“Personalized learning” is an emerging movement in education, generating both optimism and skepticism in the field. We are optimistic because of the enormous possibilities implicit in helping every learner reach his or her full potential by leveraging advances in technology, but we also recognize challenges to large-scale change due to the thin evidence base and constraining policy and practice environments. We share with many in education a deep commitment to the principles of equity and excellence motivating much of the move to personalized learning.Building on a joint planning process begun in January 2017, the Harvard Graduate School of Education (HGSE) and MIT are pleased to submit this proposal for a $30 million joint initiative to improve early literacy through personalized diagnosis and intervention. Because we believe that personalized learning will take root and expand only if it can make demonstrable progress in addressing pressing education challenges, we will focus on applying principles of personalization toward the goal that all children achieve mastery of foundational literacy skills by the end of third grade.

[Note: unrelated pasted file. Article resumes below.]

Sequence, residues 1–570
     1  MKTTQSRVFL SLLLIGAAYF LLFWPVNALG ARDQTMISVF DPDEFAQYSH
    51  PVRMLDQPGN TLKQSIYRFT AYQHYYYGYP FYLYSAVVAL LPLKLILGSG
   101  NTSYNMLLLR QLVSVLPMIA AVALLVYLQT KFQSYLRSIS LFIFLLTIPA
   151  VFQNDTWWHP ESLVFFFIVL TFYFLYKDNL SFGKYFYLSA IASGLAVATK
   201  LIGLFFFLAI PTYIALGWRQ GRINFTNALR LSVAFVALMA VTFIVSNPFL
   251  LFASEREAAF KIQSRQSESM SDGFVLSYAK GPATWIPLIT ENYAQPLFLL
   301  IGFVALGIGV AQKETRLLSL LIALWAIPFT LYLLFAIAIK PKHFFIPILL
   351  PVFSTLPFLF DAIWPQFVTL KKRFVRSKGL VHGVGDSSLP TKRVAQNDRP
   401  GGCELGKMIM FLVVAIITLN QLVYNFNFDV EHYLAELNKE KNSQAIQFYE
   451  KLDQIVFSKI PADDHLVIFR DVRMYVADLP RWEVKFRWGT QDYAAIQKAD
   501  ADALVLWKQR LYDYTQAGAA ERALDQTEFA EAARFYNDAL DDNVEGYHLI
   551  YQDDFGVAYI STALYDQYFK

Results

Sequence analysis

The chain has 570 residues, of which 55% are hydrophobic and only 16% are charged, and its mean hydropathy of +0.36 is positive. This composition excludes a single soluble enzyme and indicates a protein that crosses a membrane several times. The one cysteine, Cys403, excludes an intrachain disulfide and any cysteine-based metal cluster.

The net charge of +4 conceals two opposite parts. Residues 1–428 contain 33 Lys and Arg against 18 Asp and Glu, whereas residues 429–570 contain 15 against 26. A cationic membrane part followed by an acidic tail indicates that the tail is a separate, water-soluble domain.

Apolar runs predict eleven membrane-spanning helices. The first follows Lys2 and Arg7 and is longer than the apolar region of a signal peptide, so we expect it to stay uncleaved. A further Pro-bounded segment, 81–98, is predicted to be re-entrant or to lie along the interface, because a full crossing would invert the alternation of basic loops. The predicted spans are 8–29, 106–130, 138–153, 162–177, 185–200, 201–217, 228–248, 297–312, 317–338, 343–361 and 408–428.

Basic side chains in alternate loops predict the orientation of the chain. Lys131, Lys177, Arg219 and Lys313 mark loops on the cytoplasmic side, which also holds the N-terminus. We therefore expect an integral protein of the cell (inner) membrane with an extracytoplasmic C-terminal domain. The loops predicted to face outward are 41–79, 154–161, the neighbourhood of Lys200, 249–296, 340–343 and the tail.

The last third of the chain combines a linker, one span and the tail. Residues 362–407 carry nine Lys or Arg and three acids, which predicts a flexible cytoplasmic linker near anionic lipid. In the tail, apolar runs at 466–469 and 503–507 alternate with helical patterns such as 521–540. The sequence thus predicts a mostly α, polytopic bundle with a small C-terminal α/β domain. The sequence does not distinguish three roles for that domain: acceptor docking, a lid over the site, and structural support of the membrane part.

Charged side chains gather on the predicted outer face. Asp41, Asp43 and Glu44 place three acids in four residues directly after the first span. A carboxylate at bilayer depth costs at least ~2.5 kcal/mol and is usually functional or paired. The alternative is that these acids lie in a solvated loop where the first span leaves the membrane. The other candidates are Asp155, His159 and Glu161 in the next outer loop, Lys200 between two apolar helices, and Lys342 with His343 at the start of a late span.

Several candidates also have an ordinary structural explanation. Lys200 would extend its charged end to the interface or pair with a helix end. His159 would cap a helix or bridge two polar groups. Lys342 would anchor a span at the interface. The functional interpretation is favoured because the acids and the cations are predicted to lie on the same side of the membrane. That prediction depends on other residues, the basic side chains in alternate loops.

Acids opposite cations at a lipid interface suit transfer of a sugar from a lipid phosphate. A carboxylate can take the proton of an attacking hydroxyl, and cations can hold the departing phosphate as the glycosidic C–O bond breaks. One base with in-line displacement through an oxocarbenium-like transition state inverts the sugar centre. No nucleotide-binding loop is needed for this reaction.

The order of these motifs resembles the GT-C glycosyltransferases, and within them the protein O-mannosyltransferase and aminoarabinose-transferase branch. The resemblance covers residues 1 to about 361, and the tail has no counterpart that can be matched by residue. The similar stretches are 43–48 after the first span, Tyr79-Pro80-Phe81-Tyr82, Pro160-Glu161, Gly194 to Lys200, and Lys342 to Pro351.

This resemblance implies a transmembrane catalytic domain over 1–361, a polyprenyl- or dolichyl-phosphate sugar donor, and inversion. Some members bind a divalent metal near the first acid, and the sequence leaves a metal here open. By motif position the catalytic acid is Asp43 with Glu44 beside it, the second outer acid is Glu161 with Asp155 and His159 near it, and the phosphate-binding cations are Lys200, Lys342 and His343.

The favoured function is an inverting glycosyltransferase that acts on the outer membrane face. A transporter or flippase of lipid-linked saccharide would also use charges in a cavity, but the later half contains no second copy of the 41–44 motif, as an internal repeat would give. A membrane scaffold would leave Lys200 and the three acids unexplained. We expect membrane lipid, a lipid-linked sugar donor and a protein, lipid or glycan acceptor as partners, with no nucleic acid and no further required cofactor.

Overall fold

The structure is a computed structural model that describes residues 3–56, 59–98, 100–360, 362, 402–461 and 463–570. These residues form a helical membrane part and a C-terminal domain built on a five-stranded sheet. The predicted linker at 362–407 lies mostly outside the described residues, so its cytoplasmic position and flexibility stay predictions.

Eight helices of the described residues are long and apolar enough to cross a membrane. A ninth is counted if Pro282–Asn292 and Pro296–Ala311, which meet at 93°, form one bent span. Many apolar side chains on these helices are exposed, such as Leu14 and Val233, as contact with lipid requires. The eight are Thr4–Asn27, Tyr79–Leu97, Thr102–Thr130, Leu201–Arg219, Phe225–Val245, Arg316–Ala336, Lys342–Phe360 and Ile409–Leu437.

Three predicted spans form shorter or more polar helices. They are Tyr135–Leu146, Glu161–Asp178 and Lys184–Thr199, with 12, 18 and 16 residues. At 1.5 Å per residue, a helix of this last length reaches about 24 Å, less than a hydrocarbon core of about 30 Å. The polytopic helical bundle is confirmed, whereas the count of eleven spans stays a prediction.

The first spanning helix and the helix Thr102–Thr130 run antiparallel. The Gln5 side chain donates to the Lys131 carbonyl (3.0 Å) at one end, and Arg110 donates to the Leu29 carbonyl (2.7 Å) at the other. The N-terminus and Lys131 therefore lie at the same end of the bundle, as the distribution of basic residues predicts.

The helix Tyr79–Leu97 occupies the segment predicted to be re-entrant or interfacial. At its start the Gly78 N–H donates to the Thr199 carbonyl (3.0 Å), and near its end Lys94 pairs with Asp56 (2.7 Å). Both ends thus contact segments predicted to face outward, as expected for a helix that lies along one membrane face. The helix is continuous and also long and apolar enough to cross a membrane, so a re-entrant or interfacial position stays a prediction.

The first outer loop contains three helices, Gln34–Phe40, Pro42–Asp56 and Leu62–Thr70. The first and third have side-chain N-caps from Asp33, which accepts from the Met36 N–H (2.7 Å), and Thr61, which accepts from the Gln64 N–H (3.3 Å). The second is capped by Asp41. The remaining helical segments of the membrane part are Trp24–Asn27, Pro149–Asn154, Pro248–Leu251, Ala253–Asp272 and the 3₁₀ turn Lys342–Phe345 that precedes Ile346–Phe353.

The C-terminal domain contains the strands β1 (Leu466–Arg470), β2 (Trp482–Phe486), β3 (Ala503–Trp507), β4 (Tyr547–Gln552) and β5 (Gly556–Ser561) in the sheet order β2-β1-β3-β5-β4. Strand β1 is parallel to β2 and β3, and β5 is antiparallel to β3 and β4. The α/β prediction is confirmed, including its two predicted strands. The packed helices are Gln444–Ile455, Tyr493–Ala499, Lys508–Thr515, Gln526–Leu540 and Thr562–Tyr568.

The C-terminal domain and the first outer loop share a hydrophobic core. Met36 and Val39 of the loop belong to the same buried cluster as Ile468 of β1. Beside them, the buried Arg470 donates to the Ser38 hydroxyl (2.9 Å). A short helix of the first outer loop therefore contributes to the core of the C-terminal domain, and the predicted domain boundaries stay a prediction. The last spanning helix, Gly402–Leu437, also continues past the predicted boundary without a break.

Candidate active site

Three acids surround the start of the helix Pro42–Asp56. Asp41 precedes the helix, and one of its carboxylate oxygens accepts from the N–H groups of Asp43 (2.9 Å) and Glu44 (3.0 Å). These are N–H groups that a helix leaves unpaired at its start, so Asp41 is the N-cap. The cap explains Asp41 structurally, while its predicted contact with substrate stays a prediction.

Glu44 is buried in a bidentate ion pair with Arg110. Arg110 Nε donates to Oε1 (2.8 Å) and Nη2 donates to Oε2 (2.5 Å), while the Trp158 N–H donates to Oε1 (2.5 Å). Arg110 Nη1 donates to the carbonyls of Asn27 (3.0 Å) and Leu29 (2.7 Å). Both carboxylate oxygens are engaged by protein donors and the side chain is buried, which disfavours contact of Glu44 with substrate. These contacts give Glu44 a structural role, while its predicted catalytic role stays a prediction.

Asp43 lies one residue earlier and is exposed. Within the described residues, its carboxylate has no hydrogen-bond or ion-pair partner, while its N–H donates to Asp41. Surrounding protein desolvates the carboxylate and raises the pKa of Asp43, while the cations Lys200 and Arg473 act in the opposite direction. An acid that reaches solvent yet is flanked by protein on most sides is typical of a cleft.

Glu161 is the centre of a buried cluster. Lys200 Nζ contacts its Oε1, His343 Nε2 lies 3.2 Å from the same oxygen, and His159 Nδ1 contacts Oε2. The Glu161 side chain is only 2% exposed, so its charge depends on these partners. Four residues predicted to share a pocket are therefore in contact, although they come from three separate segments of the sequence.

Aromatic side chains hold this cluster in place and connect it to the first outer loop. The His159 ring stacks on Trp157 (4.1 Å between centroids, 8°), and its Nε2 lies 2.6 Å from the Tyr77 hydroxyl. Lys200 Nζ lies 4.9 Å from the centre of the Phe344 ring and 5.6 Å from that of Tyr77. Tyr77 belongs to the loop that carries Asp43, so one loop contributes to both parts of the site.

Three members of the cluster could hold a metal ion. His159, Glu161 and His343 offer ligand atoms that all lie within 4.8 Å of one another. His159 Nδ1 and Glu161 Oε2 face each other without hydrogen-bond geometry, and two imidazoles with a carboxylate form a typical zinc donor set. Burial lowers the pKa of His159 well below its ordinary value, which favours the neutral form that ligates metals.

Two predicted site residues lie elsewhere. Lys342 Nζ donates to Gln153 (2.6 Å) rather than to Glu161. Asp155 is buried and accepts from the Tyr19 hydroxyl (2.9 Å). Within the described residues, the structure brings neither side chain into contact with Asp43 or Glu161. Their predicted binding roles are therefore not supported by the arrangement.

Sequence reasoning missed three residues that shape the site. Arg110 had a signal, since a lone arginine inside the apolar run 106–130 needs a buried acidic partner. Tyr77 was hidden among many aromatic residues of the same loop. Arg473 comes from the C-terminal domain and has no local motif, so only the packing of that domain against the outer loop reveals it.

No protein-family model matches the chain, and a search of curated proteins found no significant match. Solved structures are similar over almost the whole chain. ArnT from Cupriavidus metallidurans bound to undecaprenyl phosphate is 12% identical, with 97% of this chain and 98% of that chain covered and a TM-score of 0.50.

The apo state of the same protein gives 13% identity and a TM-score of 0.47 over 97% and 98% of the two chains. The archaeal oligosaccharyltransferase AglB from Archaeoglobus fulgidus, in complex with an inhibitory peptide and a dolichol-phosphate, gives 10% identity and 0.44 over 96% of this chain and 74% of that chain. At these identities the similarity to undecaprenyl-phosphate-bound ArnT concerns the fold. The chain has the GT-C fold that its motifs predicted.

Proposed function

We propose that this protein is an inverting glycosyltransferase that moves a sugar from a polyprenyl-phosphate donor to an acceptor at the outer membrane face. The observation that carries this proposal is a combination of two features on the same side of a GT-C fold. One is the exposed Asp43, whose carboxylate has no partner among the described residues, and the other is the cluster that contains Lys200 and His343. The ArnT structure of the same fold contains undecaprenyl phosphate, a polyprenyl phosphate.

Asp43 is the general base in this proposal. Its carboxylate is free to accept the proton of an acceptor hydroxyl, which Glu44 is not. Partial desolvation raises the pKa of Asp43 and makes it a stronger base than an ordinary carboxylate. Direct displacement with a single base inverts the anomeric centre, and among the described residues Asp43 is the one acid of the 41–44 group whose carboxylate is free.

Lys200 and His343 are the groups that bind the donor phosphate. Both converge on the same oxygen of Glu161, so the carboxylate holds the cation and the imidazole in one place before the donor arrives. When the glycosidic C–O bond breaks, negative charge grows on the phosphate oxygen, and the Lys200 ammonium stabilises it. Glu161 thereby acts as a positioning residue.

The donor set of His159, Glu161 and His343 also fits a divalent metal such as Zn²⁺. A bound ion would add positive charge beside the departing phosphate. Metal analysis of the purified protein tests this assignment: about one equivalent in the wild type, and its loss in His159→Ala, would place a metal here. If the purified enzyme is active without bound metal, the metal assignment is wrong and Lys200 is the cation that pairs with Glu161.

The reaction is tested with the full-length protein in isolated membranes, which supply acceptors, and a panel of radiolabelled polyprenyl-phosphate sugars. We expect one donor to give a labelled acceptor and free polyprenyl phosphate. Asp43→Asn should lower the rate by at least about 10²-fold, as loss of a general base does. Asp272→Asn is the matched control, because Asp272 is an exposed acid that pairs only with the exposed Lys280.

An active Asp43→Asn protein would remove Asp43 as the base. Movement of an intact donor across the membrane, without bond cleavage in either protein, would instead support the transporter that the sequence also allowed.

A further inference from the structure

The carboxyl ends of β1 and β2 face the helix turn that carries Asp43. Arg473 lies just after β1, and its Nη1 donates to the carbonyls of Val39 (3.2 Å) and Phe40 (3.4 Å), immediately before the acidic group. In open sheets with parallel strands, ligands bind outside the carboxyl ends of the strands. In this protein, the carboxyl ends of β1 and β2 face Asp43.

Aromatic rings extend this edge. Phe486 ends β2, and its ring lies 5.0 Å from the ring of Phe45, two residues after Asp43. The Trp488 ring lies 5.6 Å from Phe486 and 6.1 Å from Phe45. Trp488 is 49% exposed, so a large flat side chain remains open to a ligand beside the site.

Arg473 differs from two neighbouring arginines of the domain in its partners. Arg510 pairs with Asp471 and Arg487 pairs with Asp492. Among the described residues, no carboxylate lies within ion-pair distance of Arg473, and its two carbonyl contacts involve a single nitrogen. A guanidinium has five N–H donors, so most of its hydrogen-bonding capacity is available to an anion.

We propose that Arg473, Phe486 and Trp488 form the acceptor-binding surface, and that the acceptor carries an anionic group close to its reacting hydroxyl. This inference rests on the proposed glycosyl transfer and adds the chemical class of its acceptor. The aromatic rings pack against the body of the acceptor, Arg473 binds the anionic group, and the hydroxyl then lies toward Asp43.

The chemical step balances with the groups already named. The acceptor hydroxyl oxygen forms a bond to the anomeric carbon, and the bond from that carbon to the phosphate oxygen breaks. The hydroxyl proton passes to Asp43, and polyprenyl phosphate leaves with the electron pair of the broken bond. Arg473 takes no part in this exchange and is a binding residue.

EcoMOD: Integrating Computational Thinking into Ecosystems Science Education via Modeling in Immersive Virtual Worlds (2016-2019)
National Science Foundation